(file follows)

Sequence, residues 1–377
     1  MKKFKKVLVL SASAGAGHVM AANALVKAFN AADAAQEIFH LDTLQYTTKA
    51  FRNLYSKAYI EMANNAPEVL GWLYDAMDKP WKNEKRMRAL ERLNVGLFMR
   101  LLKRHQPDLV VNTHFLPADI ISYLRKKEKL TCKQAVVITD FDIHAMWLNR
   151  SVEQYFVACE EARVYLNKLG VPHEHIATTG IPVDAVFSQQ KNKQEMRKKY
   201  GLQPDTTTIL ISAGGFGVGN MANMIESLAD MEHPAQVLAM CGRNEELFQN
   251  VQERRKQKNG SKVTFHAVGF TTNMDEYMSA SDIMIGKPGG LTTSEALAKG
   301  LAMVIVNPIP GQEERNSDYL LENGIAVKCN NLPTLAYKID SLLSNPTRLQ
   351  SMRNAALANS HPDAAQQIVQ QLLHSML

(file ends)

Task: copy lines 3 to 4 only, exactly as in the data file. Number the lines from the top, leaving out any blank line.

    51  FRNLYSKAYI EMANNAPEVL GWLYDAMDKP WKNEKRMRAL ERLNVGLFMR
   101  LLKRHQPDLV VNTHFLPADI ISYLRKKEKL TCKQAVVITD FDIHAMWLNR